I'm a programmer trying to model satellite orbits. What formula can I use to determine the latitude of a satellite after a quarter orbit, given the initial launch latitude and inclination? For example, given a start of [30,0] and an initial inclination of 60 degrees, what would be [x,90]?


Here's the code in action if it helps to clarify things.


The graphics library takes care of the map projection, which is why I only need to get the latitude. The crux of it are these lines here. It's a very VERY rough approx that doesn't model itself on sinusoidal motion but the mathematician in me knows that it's total bunk.

//The launch latitude var start = 30; //The launch direction var degree = 60; //The degree as a percentage from vertical var degPerc = Math.abs(degree) / 90; //Whether the launch is oriented North or South var direction = (degree >= 0) ? 1 : -1; //The latitude encountered after a quarter orbit var mid = (start + ((90-start) * 2 * degPerc)) * degPerc * direction;

  • $\begingroup$ As well as conservation of energy, have you used the fact that the angular momentum of the satellite about the centre of the planet will stay constant? This is because gravitational attraction is a central force. $\endgroup$ – Farcher Feb 2 '16 at 8:07
  • $\begingroup$ Yes. I've tried modeling it around a simple sinusoidal wave finding the height at π/2 and then multiplying by 90 again, but it keeps breaking when combining high initial inclination and latitude (like 80° at 80°) $\endgroup$ – mdupont Feb 2 '16 at 8:29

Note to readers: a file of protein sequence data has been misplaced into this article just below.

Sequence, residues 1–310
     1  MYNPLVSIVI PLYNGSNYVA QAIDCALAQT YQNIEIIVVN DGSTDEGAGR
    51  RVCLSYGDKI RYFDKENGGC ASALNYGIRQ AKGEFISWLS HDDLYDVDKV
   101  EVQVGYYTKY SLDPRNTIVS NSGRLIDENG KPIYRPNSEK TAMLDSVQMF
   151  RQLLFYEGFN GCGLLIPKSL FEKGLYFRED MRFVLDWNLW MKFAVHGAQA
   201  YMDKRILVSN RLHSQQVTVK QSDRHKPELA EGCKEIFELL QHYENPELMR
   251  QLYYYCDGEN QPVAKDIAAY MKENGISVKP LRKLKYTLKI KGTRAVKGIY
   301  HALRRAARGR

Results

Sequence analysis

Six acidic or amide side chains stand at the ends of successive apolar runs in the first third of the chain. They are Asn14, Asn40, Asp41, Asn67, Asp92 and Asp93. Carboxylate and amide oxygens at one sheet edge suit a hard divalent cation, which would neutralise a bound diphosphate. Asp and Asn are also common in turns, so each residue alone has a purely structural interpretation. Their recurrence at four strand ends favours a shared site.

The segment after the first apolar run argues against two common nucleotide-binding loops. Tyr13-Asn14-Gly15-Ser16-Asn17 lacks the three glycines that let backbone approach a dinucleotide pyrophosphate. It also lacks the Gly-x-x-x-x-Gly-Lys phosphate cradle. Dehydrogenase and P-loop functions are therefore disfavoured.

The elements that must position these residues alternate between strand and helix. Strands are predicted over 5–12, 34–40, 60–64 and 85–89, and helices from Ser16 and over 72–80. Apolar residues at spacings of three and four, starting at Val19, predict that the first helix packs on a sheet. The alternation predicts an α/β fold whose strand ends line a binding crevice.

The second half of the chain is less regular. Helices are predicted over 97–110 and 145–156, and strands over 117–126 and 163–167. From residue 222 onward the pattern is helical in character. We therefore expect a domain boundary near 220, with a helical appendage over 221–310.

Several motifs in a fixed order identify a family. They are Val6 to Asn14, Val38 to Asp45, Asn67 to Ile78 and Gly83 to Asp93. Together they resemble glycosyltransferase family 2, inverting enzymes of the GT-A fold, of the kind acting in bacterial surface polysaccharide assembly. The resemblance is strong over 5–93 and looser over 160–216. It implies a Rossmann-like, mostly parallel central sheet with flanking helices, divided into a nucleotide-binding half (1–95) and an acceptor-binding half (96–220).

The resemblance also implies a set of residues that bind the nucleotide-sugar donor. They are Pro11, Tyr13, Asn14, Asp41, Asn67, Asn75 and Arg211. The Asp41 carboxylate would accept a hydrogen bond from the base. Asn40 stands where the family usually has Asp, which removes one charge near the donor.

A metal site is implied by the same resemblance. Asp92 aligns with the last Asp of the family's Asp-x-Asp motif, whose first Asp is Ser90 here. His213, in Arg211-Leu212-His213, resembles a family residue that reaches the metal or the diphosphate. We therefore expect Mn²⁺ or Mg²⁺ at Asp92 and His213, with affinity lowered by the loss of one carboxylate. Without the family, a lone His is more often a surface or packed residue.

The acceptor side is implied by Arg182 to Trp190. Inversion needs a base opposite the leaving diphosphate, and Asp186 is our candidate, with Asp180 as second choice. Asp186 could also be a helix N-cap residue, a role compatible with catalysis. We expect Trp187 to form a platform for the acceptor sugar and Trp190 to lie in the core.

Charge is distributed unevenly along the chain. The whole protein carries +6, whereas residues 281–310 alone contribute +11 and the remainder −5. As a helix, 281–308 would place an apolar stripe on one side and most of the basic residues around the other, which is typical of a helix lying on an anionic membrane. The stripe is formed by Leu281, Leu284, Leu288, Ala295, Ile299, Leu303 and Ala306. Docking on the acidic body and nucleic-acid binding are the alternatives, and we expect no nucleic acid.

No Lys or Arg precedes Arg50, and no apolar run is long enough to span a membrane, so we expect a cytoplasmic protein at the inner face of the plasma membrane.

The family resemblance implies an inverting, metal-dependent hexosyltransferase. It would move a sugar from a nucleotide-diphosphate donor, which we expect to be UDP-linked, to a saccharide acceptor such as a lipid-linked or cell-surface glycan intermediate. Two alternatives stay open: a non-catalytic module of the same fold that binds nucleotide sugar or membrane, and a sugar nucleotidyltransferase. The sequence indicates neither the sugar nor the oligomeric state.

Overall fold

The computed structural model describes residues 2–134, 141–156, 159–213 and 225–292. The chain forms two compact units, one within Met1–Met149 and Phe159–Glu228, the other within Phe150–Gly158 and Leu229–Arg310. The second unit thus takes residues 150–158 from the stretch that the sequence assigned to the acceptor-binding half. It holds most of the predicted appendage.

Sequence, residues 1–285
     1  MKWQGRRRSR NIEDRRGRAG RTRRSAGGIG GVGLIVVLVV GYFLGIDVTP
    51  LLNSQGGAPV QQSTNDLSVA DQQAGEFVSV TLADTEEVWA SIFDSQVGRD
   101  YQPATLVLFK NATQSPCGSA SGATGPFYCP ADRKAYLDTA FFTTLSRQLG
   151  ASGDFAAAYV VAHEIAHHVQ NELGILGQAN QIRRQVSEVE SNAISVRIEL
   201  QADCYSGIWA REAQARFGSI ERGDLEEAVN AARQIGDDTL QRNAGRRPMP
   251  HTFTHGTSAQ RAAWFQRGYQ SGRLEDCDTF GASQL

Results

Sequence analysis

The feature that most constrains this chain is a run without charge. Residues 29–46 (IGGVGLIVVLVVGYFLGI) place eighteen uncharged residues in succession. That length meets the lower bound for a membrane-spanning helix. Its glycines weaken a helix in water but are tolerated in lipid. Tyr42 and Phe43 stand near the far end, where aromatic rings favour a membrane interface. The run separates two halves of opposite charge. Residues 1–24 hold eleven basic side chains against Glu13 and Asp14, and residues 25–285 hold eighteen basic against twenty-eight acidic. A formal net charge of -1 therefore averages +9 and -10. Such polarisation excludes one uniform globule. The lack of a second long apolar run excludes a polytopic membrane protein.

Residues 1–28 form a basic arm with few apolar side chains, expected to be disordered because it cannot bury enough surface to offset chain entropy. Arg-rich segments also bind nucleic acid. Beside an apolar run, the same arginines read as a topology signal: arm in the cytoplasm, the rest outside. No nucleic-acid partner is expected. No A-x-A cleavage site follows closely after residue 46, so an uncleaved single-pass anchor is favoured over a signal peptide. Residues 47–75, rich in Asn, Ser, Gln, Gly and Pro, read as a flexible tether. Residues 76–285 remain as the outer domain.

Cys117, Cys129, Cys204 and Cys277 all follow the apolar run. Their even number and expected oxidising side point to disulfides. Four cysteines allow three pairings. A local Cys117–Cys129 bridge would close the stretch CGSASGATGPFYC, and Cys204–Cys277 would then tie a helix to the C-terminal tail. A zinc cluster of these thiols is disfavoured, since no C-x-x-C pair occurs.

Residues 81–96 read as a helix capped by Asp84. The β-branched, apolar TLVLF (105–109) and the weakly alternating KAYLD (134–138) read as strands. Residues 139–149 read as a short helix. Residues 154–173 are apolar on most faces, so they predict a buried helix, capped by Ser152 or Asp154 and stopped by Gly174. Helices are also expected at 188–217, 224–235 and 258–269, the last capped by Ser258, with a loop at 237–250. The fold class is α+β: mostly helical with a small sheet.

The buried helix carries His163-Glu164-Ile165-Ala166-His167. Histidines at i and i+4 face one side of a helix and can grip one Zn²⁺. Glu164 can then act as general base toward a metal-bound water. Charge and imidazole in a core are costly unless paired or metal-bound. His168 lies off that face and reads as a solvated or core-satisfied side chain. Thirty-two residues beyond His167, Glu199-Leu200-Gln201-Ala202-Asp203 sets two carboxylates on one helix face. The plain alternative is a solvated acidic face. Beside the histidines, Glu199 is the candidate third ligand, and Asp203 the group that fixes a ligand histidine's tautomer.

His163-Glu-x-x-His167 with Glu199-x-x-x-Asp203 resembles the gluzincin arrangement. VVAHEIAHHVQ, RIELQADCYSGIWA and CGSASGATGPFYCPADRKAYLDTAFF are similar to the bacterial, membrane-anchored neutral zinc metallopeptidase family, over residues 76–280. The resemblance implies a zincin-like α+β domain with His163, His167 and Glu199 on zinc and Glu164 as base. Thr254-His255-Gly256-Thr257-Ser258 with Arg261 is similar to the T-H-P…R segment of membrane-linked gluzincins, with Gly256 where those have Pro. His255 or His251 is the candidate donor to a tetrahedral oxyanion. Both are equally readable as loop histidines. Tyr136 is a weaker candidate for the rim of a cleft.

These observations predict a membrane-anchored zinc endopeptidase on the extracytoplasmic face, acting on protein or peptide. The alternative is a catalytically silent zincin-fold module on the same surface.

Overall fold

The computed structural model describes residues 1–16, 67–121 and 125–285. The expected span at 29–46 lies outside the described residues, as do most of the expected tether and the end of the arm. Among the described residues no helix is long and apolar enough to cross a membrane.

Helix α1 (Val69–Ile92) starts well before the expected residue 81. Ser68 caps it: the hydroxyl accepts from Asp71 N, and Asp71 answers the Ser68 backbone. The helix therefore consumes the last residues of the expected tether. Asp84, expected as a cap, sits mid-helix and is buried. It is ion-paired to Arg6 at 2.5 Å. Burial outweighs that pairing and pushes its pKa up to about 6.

The trajectory will not be sinusoidal.
Depending on the initial speed it will be one of elliptical , parabolic and will "reach" infinity with zero speed or hyperbolic and will "reach" infinity with a finite speed. So the trajectory will very much depend on the initial speed of the satellite.

So how have you set up the computation?

  • $\begingroup$ I'm assuming a perfectly circular orbit, so the satellite would be traveling at constant speed. The purpose of the visualization is merely to demonstrate that rockets fired farther from the equator have less available orbits due to the increased minimum net angle of inclination. $\endgroup$ – mdupont Feb 2 '16 at 9:02

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